There’s nothing more frightening—sorry, frustrating—than clicking a YouTube link only to encounter an unskippable ad. Luckily, there’s YouTube Red for that: the new premium subscription service axes the ads and brings other perks, and you can use it to watch spooky videos this Halloween weekend. Or consider grabbing The Walking Dead: No Man’s Land, a new game that blends tactical strategy with zombie bashing.
Elsewhere this week, Microsoft’s predictive Arrow Launcher is finally out of beta, Beneath the Lighthouse delivers charming platform puzzles to roll through, and the redesigned NBA 2015-16 app has free streaming hoops games all weekend long. Ready to scare up some fun on your phone or tablet? Grab these apps and enjoy.
YouTube has become appointment viewing for millions, but the streaming video site has stuck with its ad-supported model since the beginning. As of this week, that’s no longer the only option: YouTube Red is here, and the subscription service lets you pony up a monthly fee in exchange for a smoother viewing experience. Gone are the obnoxious ads that halt your viewing plans in their tracks. For frequent viewers, Red might be worth it alone for that.
But it also comes with perks—namely the ability to save videos for offline viewing, along with background playback on mobile (for the audio). Your $10 a month also gets you a Google Play Music subscription, as well as access to YouTube Originals content starting next year. It’s all handled via the same core YouTube app: just subscribe within the settings and it’ll be rebranded as Red with the bonus features enabled. There’s a free one-month trial, so give it a shot.
Telltale Games’ Walking Dead episodic adventure series is absolutely essential, but the zombie-slaying franchise can support many interactive adaptations. Case in point: this week’s The Walking Dead: No Man’s Land spins the popular TV show into a turn-based strategy game that comes off like a simpler take on XCOM.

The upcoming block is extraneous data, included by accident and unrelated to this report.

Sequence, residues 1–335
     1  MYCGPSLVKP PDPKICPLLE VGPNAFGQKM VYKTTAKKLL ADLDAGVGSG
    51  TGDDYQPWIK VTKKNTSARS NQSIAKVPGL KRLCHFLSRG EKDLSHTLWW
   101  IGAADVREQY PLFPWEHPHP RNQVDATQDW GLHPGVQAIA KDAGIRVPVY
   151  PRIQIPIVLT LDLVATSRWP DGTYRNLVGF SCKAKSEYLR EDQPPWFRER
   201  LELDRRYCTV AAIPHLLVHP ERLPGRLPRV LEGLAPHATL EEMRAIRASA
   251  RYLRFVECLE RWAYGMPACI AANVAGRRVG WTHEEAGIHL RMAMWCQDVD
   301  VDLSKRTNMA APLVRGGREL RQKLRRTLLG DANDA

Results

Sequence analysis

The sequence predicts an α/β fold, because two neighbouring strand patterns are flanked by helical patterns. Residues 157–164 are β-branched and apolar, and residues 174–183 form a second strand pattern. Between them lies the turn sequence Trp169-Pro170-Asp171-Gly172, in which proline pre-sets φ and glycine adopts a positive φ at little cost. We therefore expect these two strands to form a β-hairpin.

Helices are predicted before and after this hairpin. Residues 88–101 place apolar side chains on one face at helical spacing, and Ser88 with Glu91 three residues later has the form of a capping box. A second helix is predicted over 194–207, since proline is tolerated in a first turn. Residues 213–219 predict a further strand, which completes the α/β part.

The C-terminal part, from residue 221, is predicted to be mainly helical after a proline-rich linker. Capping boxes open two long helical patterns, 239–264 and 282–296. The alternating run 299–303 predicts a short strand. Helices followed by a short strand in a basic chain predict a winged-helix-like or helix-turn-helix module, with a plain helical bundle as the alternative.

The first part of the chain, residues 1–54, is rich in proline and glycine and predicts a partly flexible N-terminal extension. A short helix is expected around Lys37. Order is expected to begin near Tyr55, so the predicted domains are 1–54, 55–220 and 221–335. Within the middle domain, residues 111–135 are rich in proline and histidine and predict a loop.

You’ll take on combat-centric missions that find you clearing a zombie-filled map, as well as snatching precious resources, but the game also has a base-building element amidst the action. The freemium elements don’t seem terribly aggressive, and with fan-favorite character Daryl Dixon leading the charge, it does a solid job of capturing the atmosphere of the increasingly grim cable series.
Originally released in beta over the summer, Microsoft’s Arrow Launcher just went public this week. Arrow breaks from the traditional, customizable home screens: it still has a grid of icons, but they’re listed and ordered solely based on your frequency of use. Swipe right and you’ll find a listing of recent files; swiping left shows top contacts and an optional page full of notes and reminders.
Essentially, Arrow is designed first to point you towards the stuff you use most regularly, and secondly to diminish the need to dig around in other apps for some purposes. It makes the home screen more of a home base—which is handy, unless you like to put a personal spin on things. Still, it’s an interesting attempt on Microsoft’s part, and it remains ever amusing that the company is flinging more experimental apps onto the Play Store than on Windows Phones these days.
Nitrome is one of the most consistent and prolific mobile game makers today: nearly everything they release—always with a great, 16-bit-inspired look—is well worth checking out (Magic Touch is a favorite). Beneath the Lighthouse is the studio’s latest effort, asking you to roll your little hero through spike-filled mazes to reach the exit. And you’ll do so by rotating the level via touch, rather than tilt.
It’s beautifully presented, and the compact levels pack in a lot of challenge in the small spaces. Beneath the Lighthouse is a free download, and you can access every level with enough persistence. Each group of levels has a lives system: lose all three and you’ll start that group over again. You can pay $4.58 within to kill both the lives system and ads, but given the extra motivation it provides, Lighthouse might actually be more compelling with the lives restriction in place.
It’s too early to tell if your favorite team has what it takes to win it all this season—but at least we can say for sure that the official NBA 2015-16 app is a nice improvement over previous versions. The app was redesigned to get you to the scores, stats, and news you want faster than before, but the biggest enhancements come with video.
Most importantly: it has Chromecast support. That’s a huge, long-awaited addition that makes the app a lot more useful. The NBA League Pass subscription also has new options available via mobile, including single game purchases when you need a quick fix. In fact, League Pass has a free trial running through November 3, so you might as well soak in all the free b-ball action you can this weekend.